Look into childcare and schooling options

If you’re bringing your children with you when moving to Thailand, it’s important to scout out suitable schools (โรงเรียน, rong rien) in your neighborhood. If your job provides a schooling allowance, they may have a list for you to choose from. Otherwise, many newcomers to Thailand opt for international and private schools, where students can learn in a familiar language, such as English. There are many of these schools in the country, which have different fee levels depending on where you live.

If your children are younger than school age, Thailand is an excellent place for childcare options. Many people find that private nannies (พี่เลี้ยงส่วนตัว) here are very affordable. While you should research this before you leave, you’ll probably want to wait to hire someone until after you arrive. Interviewing childcare professionals in person is generally a good idea.

Sort out your finances before making the move to Thailand

Before moving to Thailand, it’s a good idea to have a clear idea of your finances and how you’ll manage them once you arrive. While you’ll need to be in the country to open a bank account with a local bank (ธนาคาร, tanakarn), it’s useful to understand the process.

It’s also a good idea to have an easy way to transfer money from your home country to Thailand. Transfer platforms such as Wise can help you with this.

You should also research any tax (ภาษี) implications that come with moving to Thailand, as well as your pension (บำนาญ) options while living here.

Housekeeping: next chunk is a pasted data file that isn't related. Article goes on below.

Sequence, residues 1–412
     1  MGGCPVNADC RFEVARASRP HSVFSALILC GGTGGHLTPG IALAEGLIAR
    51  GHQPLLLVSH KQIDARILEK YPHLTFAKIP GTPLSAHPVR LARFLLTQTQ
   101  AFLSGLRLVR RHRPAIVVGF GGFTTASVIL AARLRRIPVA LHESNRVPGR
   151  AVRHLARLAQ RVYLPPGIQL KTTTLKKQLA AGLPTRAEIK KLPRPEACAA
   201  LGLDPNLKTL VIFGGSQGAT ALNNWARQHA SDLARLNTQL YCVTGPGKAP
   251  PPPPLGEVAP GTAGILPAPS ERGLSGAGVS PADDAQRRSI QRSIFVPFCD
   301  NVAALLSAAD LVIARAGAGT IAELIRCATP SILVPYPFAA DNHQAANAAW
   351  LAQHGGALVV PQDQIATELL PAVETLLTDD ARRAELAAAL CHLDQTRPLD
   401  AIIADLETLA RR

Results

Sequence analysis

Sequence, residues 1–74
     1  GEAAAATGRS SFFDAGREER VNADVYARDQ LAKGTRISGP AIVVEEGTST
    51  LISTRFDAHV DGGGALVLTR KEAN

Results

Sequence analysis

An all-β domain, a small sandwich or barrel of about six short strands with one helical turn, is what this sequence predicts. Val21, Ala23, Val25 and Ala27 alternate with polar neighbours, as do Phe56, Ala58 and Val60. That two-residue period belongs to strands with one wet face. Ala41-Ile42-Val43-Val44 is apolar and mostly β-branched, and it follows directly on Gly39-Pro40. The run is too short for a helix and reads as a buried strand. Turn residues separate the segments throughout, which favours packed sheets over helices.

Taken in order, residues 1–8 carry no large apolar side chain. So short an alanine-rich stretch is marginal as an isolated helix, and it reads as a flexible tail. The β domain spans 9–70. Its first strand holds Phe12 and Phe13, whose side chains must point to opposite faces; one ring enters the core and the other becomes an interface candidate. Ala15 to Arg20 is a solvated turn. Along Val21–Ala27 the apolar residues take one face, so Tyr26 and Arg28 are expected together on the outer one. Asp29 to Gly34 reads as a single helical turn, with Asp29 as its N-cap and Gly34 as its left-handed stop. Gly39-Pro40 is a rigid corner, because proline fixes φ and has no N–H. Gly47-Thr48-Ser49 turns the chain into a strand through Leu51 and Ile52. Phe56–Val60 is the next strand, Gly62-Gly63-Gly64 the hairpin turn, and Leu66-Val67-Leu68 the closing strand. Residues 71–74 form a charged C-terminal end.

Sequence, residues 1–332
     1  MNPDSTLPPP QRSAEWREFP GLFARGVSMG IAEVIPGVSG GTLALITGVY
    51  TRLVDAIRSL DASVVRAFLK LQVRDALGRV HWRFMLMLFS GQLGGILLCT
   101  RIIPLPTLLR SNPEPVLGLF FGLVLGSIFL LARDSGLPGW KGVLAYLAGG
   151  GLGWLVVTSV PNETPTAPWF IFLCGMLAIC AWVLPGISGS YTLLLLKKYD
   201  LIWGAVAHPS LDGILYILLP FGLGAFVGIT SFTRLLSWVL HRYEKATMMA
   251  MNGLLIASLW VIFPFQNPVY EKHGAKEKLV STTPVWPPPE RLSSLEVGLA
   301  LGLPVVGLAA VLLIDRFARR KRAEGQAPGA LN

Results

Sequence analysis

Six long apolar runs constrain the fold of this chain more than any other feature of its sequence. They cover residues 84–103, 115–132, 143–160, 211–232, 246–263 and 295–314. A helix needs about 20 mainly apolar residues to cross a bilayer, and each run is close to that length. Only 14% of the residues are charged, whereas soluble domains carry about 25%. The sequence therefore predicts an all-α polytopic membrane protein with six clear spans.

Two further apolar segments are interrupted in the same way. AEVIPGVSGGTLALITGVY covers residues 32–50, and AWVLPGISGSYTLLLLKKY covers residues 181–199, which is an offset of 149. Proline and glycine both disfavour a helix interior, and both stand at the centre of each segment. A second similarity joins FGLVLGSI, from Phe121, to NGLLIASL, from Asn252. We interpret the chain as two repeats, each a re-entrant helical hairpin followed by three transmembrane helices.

Get an international driving license/permit

When you first arrive, you can drive in Thailand using an international driving permit. This should be organized before you leave home.

View from above of traffic in Bangkok
Photo: Connor Williams/Unsplash

The international permit will also make it easier to apply for your Thai driving license (บขับขี่ไทย, bai kup kee Thai), as many countries’ licenses can be converted into Thai ones.

Start learning the Thai language

When you first arrive in a new country, it’s nice to be able to say a few words and expressions in the local language. Many people start learning Thai before they arrive to make the transition smoother.

Luckily, there are quite a few apps that can help you with the language, as well as several other good-quality online resources. You could also consider researching language schools (โรงเรียนสอนภาษา) in your area.

Delve into Thailand’s culture

Thailand has a warm and welcoming culture, but it differs from many other countries in a few crucial ways. Learning about Thai culture before you arrive can make your transition smoother and more harmonious.

With any luck, you’ll arrive in time for one of Thailand’s many wonderful festivals, where you’ll be treated to a glimpse of the country’s famous sanook (fun, สนุก) attitude. And don’t forget to prepare for the fabulous fresh, spicy, and vibrant cuisine this country offers.

Two women spraying water guns from a traditional Thai truck, celebrating Songkran
Songkran, Thai New Year Festival in April (Photo: Lauren DeCicca/Getty Images)

You can also help to get you and your family excited about the move by researching some beautiful places to visit. Thailand is home to many amazing beaches and national parks, as well as lots of child-friendly attractions.

With all these items ticked off your to-do list, you’re sure to have a great first week and more in Thailand!

Useful resources for moving to Thailand